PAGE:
At 09:19 AM 6/4/00 +0100, Theo Jenniskens wrote:
>But this did not answer the question what parameters
>the car uses to change gears... speed, rpm, vacuum,
>throttle, current gear, and the kickdown switch...
>What's the formula here?
Conventional (i.e., non-computer-controlled) automatic transmissions are operated and controlled thru fluid pressures. The fluid pressures are controlled by various input devices and controls.
Road Speed - There is a mechanical flyball governor attached to the output shaft that modifies control pressure according to the road speed.
Engine Speed - Primarily sensed thru pump output pressure.
Engine Load / Throttle Position - Vacuum modulator - diaphragm moved by manifold vacuum moves a plunger that changes control pressure.
Throttle Position - Cable from throttle quadrant that moves a valve to change control pressure.
Current Gear - Fluid flow thru the valve body changes according to the valves actuated - the valves actuated determine what gear is engaged.
Kickdown Switch - Actuates a solenoid valve that changes control pressure.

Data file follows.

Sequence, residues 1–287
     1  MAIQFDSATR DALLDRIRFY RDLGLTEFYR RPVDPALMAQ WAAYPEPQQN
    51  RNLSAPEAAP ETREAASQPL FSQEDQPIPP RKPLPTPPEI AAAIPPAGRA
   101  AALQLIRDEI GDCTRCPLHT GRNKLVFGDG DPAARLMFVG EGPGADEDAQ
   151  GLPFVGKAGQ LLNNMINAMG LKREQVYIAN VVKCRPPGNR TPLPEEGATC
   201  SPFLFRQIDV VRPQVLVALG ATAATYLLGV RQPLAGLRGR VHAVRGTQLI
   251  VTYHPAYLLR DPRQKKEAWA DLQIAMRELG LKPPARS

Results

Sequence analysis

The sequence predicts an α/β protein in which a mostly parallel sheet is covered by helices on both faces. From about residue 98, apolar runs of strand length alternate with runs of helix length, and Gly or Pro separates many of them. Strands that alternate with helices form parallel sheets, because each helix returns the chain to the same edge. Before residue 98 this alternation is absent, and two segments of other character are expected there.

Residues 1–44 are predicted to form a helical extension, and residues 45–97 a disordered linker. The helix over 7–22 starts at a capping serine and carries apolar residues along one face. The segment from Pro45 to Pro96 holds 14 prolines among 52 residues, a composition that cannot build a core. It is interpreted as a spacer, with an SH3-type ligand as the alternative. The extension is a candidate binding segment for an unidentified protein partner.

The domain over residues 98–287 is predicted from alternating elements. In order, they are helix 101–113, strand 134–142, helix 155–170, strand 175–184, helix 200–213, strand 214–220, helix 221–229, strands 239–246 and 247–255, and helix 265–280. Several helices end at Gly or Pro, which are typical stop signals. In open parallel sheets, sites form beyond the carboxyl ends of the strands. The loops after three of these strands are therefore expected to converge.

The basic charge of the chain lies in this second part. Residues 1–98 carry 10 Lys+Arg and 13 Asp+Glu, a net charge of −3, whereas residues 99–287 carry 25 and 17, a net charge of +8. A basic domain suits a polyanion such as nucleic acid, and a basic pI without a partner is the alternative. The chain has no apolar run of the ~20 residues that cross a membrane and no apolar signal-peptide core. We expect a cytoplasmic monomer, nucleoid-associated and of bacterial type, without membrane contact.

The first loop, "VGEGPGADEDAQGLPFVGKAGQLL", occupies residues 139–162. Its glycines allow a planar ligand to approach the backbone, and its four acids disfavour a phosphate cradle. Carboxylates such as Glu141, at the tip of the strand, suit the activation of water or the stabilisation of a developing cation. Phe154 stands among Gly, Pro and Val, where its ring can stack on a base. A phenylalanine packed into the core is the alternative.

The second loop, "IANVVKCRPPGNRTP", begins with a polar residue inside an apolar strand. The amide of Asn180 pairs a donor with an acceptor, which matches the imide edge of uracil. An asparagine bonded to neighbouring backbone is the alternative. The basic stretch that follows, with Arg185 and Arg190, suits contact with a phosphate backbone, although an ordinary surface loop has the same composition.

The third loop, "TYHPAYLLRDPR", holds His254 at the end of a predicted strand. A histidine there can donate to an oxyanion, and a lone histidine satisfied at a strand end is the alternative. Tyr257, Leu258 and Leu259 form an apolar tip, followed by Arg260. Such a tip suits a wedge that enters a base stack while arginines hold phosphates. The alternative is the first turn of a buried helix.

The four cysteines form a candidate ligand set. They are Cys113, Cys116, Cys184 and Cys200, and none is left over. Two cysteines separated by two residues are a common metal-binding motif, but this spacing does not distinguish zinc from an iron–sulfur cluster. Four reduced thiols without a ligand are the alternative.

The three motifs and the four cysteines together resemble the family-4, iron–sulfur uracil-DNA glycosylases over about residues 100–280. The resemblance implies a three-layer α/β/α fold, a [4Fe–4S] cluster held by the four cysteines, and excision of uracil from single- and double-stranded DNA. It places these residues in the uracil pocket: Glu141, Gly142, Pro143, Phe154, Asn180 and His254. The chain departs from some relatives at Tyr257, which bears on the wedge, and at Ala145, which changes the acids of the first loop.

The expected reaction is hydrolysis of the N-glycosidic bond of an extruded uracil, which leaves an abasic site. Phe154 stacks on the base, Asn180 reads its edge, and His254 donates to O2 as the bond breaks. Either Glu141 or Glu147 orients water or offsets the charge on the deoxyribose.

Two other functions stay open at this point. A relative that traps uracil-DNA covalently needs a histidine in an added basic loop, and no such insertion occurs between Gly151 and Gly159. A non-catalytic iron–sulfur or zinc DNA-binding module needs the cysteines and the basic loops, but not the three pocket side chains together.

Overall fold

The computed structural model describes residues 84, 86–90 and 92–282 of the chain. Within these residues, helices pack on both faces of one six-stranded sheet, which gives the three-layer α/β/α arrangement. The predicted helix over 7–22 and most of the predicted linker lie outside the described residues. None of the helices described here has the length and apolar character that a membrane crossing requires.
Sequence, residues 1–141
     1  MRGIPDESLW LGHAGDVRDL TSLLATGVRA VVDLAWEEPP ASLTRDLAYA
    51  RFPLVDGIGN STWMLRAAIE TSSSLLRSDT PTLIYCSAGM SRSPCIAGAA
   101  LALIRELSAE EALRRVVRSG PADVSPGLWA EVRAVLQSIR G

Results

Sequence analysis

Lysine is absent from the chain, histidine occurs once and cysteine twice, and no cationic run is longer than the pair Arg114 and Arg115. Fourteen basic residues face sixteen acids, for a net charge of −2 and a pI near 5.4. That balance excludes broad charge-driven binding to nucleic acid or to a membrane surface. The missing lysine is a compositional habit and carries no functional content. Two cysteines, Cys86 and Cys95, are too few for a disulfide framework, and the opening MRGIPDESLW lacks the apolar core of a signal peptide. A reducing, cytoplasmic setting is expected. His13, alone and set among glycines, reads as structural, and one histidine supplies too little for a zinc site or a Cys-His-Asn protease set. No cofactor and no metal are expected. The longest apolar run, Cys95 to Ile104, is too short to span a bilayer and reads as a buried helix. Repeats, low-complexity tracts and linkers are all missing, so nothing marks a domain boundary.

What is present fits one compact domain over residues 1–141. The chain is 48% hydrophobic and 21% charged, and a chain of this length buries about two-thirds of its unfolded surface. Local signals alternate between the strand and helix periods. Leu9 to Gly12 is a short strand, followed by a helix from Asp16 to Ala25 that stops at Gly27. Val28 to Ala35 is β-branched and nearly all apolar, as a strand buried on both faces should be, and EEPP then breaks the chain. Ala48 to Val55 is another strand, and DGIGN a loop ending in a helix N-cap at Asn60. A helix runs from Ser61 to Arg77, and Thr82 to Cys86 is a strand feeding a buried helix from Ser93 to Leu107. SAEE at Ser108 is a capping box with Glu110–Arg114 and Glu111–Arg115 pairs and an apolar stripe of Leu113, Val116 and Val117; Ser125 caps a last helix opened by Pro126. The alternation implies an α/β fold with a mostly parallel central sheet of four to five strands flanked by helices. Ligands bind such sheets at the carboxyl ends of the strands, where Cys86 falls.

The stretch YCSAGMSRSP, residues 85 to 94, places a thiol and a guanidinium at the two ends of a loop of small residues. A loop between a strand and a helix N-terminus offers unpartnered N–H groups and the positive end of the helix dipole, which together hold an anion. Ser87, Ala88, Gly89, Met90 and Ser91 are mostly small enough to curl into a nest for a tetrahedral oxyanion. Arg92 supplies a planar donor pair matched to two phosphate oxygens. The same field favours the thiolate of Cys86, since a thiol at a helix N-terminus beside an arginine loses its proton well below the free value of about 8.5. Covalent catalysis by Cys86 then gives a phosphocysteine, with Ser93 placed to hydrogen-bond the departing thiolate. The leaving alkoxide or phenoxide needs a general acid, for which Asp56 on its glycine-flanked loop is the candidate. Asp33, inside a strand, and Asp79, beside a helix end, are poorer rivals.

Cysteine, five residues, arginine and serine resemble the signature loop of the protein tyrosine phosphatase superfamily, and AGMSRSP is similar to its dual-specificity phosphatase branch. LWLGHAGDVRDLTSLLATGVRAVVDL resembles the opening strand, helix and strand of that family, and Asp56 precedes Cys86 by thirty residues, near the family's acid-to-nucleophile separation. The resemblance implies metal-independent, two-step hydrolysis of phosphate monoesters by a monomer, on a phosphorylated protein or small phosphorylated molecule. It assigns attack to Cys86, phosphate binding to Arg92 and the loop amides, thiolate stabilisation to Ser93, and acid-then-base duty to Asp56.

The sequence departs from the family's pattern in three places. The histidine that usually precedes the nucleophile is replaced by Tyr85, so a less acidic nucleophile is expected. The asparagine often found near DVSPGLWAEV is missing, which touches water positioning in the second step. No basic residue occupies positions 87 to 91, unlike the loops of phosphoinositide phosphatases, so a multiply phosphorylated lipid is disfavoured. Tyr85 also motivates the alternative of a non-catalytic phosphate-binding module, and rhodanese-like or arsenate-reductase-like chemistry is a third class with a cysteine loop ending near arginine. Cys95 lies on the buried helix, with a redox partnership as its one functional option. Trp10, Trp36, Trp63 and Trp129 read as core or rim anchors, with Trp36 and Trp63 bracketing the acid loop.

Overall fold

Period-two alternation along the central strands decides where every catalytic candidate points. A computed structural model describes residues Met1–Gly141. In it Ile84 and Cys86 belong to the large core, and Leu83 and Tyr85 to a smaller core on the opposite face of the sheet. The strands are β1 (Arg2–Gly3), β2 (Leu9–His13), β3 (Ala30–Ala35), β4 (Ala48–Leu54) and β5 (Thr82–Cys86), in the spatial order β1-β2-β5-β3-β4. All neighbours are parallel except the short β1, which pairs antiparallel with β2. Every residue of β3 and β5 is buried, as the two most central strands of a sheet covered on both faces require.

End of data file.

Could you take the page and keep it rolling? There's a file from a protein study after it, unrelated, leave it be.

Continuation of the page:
Selector Lever - Moves a multistage spool valve that determines fluid flow and valves actuated.
Operation (GROSSLY simplified!)
Front pump, driven off the input shaft (which turns with the engine - no disconnect) generates hydraulic pressure, which varies with engine speed.
Selector Lever spool valve is moved, directs pressure to actuators to engage clutches/bands for appropriate gear.
Pump pressure is modified by: Feedback from the position of valves in the valve body (determined by what gear is engaged); the vacuum modulator (driven by manifold vacuum); throttle valve open/closed (driven by the cable from the throttle); governor (driven by output shaft speed); and the kickdown solenoid valve open/closed (driven by the kickdown switch/switches.
This control pressure moves valves in the fantastically complex valve body to actuate the valves, clutches and bands that actually engage the gears. In (overly simplified) general, higher control pressures mean later and firmer upshifts and earlier and firmer downshifts.
NOTE: I am NOT an automatic transmission expert, and DON'T intend to spend the next two weeks answering dozens of e-mails on the subject!!!